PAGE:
The Momentum-Energy 4-Vector

It is obviously important it determine how Energy and Momentum transform in Special Relativity. A reasonable guess is that momentum is a 3-vector conjugate to position, so we need to find what the fourth component is to make a 4-vector. We again have the problem of the speed of light not being equal to one in our units. The answer, which we will derive below, is that the Momentum-Energy 4-vector is

\bgroup\color{black}$ \displaystyle p_\mu=\left({E\over c}, p_x, p_y, p_z\right)$\egroup
where the choice of where to put the \bgroup\color{black}$ c$\egroup could be made by dimensional analysis.

The dot product with itself is

\bgroup\color{black}$\displaystyle p_\mu p_\mu =-{E^2\over c^2}+p_x^2+p_y^2+p_z^2=-{E^2\over c^2}+p^2 $\egroup

This quantity should be a Lorentz scalar, which we will call \bgroup\color{black}$ -m^2c^2$\egroup, and we get the equation.

\bgroup\color{black}$\displaystyle p_\mu p_\mu =-{E^2\over c^2}+p^2=-m^2c^2 $\egroup

Multiplying by \bgroup\color{black}$ c^2$\egroup and rearranging.

\bgroup\color{black}$\displaystyle E^2=p^2c^2+m^2c^4 $\egroup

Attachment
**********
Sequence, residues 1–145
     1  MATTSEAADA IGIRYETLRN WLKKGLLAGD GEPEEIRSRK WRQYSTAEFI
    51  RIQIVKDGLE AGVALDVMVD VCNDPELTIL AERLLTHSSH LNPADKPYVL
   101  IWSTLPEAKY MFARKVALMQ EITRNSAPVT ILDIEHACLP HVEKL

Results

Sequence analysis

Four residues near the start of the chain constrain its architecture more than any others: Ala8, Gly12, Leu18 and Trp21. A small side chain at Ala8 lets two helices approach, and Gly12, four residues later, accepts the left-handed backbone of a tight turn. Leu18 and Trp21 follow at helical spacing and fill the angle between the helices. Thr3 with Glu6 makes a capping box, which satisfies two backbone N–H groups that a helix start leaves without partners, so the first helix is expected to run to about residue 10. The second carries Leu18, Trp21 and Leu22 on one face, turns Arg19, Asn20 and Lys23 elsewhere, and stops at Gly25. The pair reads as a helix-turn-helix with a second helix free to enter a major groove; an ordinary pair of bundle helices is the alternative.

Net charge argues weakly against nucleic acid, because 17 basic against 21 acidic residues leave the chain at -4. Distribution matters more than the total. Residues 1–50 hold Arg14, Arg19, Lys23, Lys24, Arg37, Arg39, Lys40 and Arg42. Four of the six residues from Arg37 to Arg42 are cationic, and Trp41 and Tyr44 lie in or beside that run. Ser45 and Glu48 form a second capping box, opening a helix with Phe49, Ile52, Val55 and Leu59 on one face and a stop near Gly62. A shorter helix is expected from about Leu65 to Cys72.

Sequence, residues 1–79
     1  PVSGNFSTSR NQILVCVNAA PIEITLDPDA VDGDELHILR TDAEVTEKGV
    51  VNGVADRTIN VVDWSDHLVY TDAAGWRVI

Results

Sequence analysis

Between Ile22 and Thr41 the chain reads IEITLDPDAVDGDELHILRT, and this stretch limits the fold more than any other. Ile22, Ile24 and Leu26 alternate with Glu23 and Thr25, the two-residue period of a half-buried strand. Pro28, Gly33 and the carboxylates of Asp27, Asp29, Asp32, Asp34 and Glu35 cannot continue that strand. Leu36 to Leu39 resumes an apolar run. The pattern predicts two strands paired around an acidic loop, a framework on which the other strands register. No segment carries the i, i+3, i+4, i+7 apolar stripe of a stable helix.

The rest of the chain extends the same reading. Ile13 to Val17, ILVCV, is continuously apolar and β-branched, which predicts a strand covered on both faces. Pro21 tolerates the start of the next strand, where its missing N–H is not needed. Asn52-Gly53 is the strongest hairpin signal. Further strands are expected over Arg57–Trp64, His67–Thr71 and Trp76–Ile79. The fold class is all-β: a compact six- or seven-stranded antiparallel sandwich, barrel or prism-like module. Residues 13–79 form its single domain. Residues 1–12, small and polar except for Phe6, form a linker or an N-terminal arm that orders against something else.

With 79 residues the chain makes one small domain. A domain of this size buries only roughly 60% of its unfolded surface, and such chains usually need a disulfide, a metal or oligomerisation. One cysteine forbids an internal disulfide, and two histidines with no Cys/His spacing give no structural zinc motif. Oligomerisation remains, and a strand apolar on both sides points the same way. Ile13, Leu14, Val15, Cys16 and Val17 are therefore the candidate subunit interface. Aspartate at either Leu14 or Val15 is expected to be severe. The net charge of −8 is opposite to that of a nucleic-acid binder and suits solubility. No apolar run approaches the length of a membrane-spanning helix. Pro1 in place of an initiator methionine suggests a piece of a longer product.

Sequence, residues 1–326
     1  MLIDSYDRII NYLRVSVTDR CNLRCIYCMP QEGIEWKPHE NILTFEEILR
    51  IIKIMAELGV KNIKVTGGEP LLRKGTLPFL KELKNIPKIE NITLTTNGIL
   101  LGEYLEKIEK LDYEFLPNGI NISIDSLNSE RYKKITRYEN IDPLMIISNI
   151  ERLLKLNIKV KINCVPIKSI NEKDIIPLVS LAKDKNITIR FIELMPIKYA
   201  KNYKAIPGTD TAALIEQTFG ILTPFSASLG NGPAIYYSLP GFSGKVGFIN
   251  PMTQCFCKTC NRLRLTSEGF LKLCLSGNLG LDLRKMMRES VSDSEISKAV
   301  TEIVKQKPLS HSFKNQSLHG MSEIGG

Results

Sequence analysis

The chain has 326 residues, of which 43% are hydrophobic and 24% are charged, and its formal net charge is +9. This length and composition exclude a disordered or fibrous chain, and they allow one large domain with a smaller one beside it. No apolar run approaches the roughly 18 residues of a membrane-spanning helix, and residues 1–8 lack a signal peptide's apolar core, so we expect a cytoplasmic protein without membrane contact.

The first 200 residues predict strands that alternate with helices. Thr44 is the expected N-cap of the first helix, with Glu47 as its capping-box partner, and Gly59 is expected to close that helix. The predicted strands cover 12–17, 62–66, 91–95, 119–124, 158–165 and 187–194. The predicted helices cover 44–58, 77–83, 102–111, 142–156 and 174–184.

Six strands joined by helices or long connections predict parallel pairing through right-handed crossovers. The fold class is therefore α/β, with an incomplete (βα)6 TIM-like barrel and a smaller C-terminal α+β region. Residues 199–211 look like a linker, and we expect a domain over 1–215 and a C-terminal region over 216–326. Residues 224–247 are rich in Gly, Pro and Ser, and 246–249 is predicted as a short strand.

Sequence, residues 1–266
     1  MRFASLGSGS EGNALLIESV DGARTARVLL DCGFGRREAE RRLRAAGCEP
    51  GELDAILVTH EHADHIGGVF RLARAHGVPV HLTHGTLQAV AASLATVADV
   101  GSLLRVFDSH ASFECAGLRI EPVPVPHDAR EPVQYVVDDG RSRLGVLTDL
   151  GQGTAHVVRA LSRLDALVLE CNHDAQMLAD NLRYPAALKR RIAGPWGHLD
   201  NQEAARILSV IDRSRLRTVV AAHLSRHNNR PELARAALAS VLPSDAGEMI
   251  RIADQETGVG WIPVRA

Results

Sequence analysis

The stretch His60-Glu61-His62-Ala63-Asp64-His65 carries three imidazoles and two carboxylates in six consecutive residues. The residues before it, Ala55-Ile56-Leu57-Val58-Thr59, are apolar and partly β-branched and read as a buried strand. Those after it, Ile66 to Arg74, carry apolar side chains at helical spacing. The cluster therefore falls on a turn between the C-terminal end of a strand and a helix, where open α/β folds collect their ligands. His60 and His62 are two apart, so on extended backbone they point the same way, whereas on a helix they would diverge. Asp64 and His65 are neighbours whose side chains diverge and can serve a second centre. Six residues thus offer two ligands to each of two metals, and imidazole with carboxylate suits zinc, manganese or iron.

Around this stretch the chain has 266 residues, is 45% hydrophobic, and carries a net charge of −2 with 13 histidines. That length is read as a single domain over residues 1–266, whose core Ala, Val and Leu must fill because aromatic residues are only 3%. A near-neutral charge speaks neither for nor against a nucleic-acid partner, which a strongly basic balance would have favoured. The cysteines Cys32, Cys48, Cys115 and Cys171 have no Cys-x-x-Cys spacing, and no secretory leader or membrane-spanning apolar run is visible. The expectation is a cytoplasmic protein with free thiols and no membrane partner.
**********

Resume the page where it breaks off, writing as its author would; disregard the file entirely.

Again the problem of \bgroup\color{black}$ c\neq 1$\egroup is vexing but we get the basic Energy equation of Special relativity.
\bgroup\color{black}$ \displaystyle E=\sqrt{(mc^2)^2+(pc)^2}$\egroup
We understand this as the rest energy \bgroup\color{black}$ mc^2$\egroup added in quadrature with \bgroup\color{black}$ pc$\egroup. For a particle at rest we get the rest energy equation.

\bgroup\color{black}$\displaystyle E=mc^2 $\egroup

Of course any 4-vector transforms like a 4-vector so we have the transformation equations for momentum

\bgroup\color{black}$ \displaystyle p'_x=\gamma\left(p_x-\beta {E\over c}\right)$\egroup
\bgroup\color{black}$ \displaystyle p'_y=p_y$\egroup
\bgroup\color{black}$ \displaystyle p'_z=p_z$\egroup
\bgroup\color{black}$ \displaystyle E'=\gamma\left(E-\beta p_xc\right)$\egroup

Lets start in the rest frame and do a transformation.

  $\displaystyle p_\mu=(mc,0,0,0)$    
  $\displaystyle {E'\over c}=\gamma mc$    
  $\displaystyle E'=\gamma mc^2$    
  $\displaystyle p'_x=-\beta\gamma mc= -\beta E'$    

If we consider a boost in the minus \bgroup\color{black}$ x$\egroup direction to have the particle moving in the plus \bgroup\color{black}$ x$\egroup direction afterward, then the boost transformation gives.
\bgroup\color{black}$ \displaystyle E=\gamma mc^2$\egroup
\bgroup\color{black}$ \displaystyle pc=\beta E$\egroup
These are very useful relations for many kinematic calculations.

Jim Branson 2012-10-21